Ok, so it’s now about 30 minutes later, Melanie is beyond annoyed, almost to the point that she doesn’t even want to watch the episode, but I talk her into it. Now, remember what I said earlier, I have my PC connected to my HD plasma so we can watch videos like this. I double click the episode and it starts playing. But man does it look like shit.  I mean not like VHS quality, like total shit quality. Almost unwatchable. I paid $1.99 for this crap? It’s no better than the garbage I downloaded off the net in the first place. Why even bother with this?

So I thought about who Apple’s target audience is. Obviously it’s iPods and not real TV’s (not yet anyway). However lately you read all about their potential iTunes Movie Store and the new Intel Mac Mini and how it’s going to take over the living room. There’s one huge issue with this. The quality of these videos is horrible.  I will never purchase another one since I can get better quality online (from *other* places).  In the past when I’ve missed an episode of 24 I’ve been able to find it online hours after the show in full HD quality! What the hell is Apple thinking? The people that are going to buy movies are going to want them for more than their iPods but for that the quality has to be at least as good as broadcast TV (and should be DVD/HD quality). Obviously I understand the bandwidth issues here but this half ass attempt now is going to kill them in the future (and has killed them for me now.) People on the cutting edge of this stuff don’t have their PC’s hooked up to a 10 year old CRT monitors!

So while everyone loves Apple and the inroads they are making into our living rooms I think they are completely missing the point. Yes the iTunes Music Store is easy to use and has tons of content. Yes they’ve sold a billion songs, that’s because the audio quality is near perfect. They are not going to sell a billion videos, not like this simply because the quality sucks.  Forget about the DRM – they’ve totally lost me at this point – I’m now looking for a similar service that offers quality and DRM that works. While I understand the need for DRM and I support it, at least until it keeps me from doing thing that are 100% legal – for example watching something I just paid for!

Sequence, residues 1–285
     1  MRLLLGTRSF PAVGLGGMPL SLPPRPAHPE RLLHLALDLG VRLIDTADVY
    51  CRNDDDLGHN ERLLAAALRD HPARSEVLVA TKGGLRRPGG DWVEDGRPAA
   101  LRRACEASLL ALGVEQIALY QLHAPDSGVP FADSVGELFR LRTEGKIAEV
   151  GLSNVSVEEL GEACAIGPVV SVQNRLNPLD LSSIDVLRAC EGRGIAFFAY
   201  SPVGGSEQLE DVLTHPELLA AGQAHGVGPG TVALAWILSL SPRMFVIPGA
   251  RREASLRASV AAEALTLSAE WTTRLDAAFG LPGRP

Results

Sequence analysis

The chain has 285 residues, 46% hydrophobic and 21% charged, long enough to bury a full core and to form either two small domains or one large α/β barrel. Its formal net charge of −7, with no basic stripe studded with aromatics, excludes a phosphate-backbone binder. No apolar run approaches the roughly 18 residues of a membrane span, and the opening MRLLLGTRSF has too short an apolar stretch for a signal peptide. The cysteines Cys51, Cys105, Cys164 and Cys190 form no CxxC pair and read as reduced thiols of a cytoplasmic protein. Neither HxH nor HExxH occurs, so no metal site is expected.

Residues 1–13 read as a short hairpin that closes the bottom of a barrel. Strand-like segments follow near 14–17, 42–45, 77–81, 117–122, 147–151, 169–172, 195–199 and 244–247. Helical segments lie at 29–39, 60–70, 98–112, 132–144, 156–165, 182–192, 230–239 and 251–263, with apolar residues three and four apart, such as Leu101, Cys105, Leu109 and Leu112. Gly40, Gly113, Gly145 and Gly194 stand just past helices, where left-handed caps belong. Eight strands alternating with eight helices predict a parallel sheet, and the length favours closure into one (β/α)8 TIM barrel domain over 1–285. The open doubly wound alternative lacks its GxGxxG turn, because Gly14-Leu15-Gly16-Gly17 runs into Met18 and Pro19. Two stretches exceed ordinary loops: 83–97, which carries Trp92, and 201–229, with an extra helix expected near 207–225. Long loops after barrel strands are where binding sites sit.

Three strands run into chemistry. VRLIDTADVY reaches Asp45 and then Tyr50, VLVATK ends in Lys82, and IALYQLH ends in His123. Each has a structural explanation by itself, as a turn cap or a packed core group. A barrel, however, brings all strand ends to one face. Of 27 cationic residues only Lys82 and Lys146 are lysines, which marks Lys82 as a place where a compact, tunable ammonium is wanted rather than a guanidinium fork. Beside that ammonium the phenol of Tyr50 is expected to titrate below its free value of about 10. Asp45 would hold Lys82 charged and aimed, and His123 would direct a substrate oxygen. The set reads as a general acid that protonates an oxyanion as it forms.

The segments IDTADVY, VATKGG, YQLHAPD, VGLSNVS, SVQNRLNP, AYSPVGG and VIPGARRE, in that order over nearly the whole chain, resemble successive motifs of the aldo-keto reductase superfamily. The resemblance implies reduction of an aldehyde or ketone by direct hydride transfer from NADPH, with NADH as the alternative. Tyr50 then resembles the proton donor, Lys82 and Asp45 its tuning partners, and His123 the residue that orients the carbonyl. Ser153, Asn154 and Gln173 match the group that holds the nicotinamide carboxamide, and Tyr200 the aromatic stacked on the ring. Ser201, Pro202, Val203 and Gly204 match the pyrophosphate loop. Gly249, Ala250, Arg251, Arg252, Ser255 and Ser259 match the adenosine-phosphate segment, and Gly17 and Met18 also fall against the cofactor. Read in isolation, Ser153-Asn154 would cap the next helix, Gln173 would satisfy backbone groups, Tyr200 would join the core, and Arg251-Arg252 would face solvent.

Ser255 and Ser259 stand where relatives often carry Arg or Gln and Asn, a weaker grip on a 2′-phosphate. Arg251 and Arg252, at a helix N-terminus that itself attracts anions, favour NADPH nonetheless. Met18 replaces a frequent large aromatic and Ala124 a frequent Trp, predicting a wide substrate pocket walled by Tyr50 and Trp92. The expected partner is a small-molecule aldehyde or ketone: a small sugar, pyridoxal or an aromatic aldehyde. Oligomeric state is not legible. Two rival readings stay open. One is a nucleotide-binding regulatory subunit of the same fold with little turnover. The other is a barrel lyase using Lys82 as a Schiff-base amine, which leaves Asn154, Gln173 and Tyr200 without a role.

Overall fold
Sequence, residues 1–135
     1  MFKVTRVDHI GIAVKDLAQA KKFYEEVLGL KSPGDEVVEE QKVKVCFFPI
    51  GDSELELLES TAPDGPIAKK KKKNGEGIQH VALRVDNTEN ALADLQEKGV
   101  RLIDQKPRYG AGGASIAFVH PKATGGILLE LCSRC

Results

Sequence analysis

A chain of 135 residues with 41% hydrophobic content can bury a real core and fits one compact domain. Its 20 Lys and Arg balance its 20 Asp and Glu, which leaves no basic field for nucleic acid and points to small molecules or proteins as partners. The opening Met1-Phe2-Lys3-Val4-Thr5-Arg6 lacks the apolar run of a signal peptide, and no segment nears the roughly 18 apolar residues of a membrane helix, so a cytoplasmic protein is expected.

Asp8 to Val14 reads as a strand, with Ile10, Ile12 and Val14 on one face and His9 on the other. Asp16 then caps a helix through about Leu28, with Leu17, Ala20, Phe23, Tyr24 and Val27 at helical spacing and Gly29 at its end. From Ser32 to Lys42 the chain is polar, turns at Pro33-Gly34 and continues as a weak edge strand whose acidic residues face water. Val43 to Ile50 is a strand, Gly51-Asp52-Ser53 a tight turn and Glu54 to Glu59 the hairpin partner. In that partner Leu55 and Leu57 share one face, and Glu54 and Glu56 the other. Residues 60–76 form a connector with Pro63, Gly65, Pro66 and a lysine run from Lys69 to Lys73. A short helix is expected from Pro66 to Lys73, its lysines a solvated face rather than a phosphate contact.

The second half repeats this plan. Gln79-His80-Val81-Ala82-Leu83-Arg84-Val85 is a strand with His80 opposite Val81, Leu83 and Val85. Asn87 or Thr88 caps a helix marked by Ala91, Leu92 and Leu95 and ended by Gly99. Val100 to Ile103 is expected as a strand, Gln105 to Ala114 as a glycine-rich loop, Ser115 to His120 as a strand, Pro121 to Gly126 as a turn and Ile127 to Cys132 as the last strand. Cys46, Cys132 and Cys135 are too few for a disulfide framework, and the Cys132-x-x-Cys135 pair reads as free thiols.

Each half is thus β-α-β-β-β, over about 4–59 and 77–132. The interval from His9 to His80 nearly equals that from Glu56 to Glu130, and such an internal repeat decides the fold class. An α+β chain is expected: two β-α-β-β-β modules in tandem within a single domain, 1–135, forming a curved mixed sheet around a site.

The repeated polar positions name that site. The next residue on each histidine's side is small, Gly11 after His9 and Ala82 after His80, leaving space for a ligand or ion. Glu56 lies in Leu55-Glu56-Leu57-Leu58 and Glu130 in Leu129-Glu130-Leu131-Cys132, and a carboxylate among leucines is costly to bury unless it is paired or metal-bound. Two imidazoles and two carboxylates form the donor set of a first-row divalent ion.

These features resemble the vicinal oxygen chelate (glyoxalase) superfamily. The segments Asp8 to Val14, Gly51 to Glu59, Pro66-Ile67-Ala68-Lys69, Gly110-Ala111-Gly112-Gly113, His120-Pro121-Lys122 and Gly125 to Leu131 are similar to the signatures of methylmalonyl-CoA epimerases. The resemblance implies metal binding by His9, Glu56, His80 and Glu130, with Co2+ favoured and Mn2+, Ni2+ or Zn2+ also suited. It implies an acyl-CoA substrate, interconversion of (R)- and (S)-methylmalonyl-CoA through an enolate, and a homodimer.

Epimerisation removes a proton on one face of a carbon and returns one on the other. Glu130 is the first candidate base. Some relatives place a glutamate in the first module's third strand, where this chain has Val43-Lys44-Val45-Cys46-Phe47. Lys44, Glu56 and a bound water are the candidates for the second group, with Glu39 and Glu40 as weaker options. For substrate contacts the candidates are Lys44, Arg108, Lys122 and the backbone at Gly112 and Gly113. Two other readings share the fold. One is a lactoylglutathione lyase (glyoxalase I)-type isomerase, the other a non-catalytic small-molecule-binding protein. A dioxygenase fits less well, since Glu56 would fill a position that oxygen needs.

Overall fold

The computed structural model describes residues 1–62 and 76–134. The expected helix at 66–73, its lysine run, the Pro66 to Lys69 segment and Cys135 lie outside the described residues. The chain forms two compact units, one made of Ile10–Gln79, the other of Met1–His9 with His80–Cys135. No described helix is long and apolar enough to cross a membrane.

So after $1.99, 30 minutes of effort to watch a 20 minute show on crappy video, Apple had lost me, at least for now.  At least The Office made me laugh.

Rant off.

  • Bill Adkins

    Brad (Ross) – I couldn’t agree more. DRM is a necessity but something has to be done to make it a usable situation

    I suffered the same iTunes issue (music, not video) with more than 5 computers authorized, except I only have *2 COMPUTERS*!!!! I have no idea where 3 more got authorized. The amount of time that got wasted trying to first find out what was going on, and then trying to rectify the issue – a big problem for techies, and a total showstopper for non-techies.

  • Tobias Speckbacher

    I think the first issue here is that Apple does not advertise anywhere (i looked) that the videos sold on itms are specifically for consumption with an ipod.

    That basically means that the resolution of all that stuff is 320×240 no more, no less. That may change when the “real” video ipod comes out, doubtful though.

    I guess selling the full resolution version or even an HD version would cut into DVD sales ;).

    As for DRM in general, it is horrid for consumers. HDCP is the probably the worst thing coming down on that end. Early adopters get jibbed on their investment and it will probably make for a very, very sluggish adoption rate on HD-DVD or Blue-Ray, whichever one is going to win that race …

    Looking at it from the business end of content distribution, it seems to be the difference between a viable digital distribution model and not having one.

  • I’m going to Phoenix next weekend for spring training and to see my brother play some college ball. Copy cat.

  • What’s funny is that using bittorrent, one can quickly locate and download all the episodes to popular shows such as the Office. Almost invariably the content available is top-notch (HD whenever available) and with a couple tweaks to one’s bittorrent client, download speeds are quite good. And, of course, you get a video file with no ugly DRM issues.